College - and education more broadly - is the great equalizer. At least, that’s what many of us learned growing up and what we continue to teach our children. In reality, the path to college and subsequent job outcomes are highly dependent on your starting point.
To start, college attendance varies significantly depending on income level and racial background. The Association of American Colleges & Universities found that 87% of white high school graduates from families in the top income quartile go on to attend higher education, compared to 59% in the lowest quartile. Similarly, 91% of black high school graduates from the top income quartile go on to college, compared to 61% from the bottom quartile. Additionally, white students are more likely to come from high-income families than black students, and as a result, 71% of white high school graduates go on to college compared to 56% of black high school graduates. (This is also just the end point of traditional education; the gaps in primary and tertiary education outcomes are just as wide, if not wider, than higher education outcomes.)
Wealthy students also attend much different institutions than their less well-off counterparts. Roughly 80% of students from families in the top income quintile go on to attend public or nonprofit 4-year colleges, compared to 56% of students from the middle fifth and 36% from the bottom fifth.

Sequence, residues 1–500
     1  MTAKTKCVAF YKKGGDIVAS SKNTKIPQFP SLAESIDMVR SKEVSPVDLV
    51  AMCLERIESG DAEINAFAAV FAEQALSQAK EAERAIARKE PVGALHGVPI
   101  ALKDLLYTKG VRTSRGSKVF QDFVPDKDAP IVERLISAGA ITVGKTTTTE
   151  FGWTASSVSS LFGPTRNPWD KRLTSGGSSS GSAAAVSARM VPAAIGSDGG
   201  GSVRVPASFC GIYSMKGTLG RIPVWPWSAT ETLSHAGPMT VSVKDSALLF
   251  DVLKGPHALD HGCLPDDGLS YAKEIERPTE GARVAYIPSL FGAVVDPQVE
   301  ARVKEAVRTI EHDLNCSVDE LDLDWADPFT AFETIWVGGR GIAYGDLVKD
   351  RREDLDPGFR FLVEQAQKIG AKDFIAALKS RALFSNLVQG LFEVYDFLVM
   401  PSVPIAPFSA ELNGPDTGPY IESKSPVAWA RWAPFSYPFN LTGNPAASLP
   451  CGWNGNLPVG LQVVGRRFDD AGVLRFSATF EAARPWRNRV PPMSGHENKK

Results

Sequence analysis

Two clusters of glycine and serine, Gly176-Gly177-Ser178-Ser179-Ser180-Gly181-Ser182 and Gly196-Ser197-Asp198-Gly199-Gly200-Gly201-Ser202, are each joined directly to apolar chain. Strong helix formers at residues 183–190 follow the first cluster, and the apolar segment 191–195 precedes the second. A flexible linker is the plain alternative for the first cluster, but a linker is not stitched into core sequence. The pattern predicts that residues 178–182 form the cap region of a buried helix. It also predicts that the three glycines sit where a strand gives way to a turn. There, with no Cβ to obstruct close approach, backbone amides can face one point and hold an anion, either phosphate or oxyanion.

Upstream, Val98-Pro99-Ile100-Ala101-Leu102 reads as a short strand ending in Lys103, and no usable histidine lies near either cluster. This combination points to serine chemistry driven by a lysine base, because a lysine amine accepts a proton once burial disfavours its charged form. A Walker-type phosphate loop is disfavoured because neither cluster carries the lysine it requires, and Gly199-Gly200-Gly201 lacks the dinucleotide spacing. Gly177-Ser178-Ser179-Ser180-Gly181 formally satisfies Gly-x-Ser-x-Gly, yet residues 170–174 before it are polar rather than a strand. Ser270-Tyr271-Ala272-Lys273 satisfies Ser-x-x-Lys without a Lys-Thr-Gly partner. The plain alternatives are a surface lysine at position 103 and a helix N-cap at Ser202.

Furthermore, wealthier students are more likely to attend selective colleges that provide meaningful enrichment and career opportunities: 69% of students from families in the top fifth go on to attend highly or moderately selective 4-year institutions, compared to 38% from the middle fifth and 22% from the bottom fifth.
Simultaneously, the returns to a college education have never been higher; according to the Hamilton Project (a think-tank), the bachelor hourly wage premium remains well above 150%. These patterns exacerbate existing inequalities (access to quality food, healthcare, housing, and so forth) that limit meaningful access to economic opportunity for individuals who start lower on the economic ladder. It’s no surprise that intergenerational mobility in the U.S. is so much weaker than in other Western countries.
These trends highlight the deeply rooted systemic inequalities that burden low-income households as they work to acquire the skills and jobs needed to achieve economic sustainability. At Learn In, we believe that the solution is higher education and better access to higher education and more substantial opportunities for upskilling on the job, greater representation of low-income minorities at elite colleges and training opportunities to accelerate their progress up the corporate ladder. We don’t expect that corporate L&D on its own can reverse centuries of inequality, but we do believe that it has a meaningful role to play in complementing our existing educational system by providing job-relevant opportunities to nurture and develop talent.